Harvesting is the best time of the gardening season since you get to see the literal fruits of your labors. Most crops in your garden, such as tomatoes, have probably been producing fruit since mid-summer, but others, like sweet corn, won’t be ready until the fall. This means that you’ll have a lot of different fruits and vegetables to pick and prepare, which can be overwhelming. So, before you head out to your garden and begin gathering everything that you see, check out these useful harvest tips.
1) Know when to harvest your plants.
Different vegetables need to be picked at different times. This can be either based on the time that they’ve spent growing, on the size that they become, or the color that they turn. You need to know exactly when they can be picked, which might require a little research. Places to look for this information include gardening books, various websites (including this one!), the reliable Farmer’s Almanac, garden centers, and the company that you purchased your seeds from. Keep in mind that some vegetables will keep ripening on the vine, but their taste may change the longer that they stay on. For example, some pepper plants are like this. Once you know this information, you can move on to the next step.
2) Treat your plants nicely.
Even if you know for certain that your plant is done producing fruits and vegetables, you still need to treat it nicely. You spent a lot of time nurturing the plant, so think of it as being almost like a pet. (This sounds weird, but you do feed and care for your cats and dogs, right? They just don’t give you vegetables.) When removing your fruits and veggies from their vines, bushes, and plants, you should be gentle. Use a pair of gardening shears or wear gloves and be prepared to gently twist your new food sources off the plants. Also, make sure that you harvest when the ground is dry, as you can spread diseases from one plant to another when it’s wet.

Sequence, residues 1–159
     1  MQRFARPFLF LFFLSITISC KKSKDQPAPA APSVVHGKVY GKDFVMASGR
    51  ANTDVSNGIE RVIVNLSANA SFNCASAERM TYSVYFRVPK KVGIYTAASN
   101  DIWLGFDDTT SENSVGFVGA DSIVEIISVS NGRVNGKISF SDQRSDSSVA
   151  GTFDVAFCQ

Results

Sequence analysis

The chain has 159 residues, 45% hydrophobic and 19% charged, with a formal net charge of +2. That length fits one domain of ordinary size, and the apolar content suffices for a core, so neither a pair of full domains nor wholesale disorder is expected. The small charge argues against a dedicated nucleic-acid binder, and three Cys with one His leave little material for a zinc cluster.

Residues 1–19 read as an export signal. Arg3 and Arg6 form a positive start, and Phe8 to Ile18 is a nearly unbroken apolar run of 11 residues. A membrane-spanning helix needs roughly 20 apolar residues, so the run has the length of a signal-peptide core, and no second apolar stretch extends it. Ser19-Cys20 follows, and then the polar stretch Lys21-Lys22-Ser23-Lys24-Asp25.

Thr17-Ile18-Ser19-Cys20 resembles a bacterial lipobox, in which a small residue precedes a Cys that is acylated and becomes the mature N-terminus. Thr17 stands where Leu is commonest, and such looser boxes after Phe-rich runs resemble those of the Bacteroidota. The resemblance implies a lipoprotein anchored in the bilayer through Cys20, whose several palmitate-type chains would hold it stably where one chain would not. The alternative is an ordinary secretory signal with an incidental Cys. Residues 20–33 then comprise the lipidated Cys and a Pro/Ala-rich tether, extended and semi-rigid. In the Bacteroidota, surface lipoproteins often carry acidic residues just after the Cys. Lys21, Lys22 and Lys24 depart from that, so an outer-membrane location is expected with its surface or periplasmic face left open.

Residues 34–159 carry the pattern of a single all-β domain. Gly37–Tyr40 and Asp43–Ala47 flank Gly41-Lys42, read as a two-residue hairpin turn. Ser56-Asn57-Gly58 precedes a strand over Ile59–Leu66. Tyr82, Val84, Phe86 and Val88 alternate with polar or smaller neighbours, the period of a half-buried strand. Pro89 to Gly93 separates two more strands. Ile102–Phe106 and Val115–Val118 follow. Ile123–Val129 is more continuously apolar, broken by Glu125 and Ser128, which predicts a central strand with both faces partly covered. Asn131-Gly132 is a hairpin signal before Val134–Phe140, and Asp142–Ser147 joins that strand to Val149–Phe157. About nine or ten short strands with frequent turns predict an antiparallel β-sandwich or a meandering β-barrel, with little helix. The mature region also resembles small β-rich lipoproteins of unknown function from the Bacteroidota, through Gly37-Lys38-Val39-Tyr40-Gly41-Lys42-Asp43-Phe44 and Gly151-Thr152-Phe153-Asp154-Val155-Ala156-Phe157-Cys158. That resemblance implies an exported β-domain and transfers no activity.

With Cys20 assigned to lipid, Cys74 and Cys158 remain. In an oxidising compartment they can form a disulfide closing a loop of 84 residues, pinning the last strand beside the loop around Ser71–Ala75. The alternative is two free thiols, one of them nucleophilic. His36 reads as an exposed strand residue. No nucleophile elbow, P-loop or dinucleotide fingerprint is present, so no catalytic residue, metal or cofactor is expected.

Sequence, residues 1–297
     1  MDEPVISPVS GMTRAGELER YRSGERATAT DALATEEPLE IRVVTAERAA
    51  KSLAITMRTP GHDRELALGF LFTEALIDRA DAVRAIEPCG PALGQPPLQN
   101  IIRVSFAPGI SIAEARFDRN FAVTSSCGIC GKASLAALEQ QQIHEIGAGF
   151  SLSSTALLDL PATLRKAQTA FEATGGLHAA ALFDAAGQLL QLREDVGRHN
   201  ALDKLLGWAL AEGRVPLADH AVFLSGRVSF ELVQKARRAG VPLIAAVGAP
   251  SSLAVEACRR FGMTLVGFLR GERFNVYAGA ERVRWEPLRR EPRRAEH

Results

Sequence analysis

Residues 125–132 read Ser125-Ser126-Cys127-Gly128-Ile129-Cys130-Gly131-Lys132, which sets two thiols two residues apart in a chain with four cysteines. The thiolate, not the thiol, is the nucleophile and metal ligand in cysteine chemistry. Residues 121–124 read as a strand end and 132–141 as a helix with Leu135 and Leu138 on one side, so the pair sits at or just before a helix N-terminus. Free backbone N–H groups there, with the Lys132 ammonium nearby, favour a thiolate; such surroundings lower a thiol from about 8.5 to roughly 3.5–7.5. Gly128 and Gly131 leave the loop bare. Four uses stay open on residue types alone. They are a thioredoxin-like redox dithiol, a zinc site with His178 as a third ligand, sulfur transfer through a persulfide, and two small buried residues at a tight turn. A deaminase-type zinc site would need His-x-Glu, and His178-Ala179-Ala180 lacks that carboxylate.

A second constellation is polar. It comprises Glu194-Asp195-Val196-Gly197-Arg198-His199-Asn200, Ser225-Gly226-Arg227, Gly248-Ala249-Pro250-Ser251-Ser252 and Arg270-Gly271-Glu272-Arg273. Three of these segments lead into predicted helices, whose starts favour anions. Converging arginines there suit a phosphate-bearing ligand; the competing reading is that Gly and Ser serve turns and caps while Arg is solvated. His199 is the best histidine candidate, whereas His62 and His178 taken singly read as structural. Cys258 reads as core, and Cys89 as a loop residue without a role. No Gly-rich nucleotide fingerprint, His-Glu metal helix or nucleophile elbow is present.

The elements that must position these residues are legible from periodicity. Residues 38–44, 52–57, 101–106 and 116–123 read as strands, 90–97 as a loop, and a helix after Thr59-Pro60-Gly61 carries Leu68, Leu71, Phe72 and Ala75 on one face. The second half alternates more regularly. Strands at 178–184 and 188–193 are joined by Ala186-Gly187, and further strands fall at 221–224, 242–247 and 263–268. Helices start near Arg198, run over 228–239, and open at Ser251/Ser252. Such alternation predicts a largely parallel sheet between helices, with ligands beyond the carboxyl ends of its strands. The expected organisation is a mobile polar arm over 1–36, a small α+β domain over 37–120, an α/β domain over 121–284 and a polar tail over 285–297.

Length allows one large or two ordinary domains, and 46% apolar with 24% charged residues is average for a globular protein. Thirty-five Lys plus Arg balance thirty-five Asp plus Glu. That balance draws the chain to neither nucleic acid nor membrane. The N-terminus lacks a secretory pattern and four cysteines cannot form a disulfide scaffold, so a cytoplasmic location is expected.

3) Know how to store your veggies.
Once you harvest everything, you need to know how to store it properly. Some vegetables, like potatoes and onions, need dry, cold temperatures, like those in basements. Others, such as tomatoes and cucumbers can go in the refrigerator for a bit, but will ultimately need to be processed and canned before they go bad. You’ll need enough storage space and supplies for everything in your garden right around harvest time, lest anything go bad while you’re searching for a place to put those extra ears of corn.
4) Gather seeds for next year.
Some vegetables produce their own seeds, or their plants do anyway, making it easy to set things in motion for next year. It’s always wise to think ahead when harvesting and processing your crops. This way, you can set aside the seeds and get them ready for springtime. This usually involves drying the seeds and storing them in a container but can vary.
Would you love it if your plants just leapt out of the soil with the vitality of an Olympic athlete in peak competition readiness?
I highly recommend have a look at the World's Best Compost System for making the best compost for your garden. Now, you can have beautiful, vibrant, healthy plants and ultra-delicious fruits and vegetables without dangerous pesticides and fertilizers.
The World's Best Compost System can give you all the information for making the compost your garden deserves. You'll learn step by step how to make compost which feeds your garden and promotes great tasting food. You'll never even dream about fertilizer ever again. This compost is organic and even helps keep pests away. You and your soil will never be happier. Check it out NOW.
Pic by Seth Vidal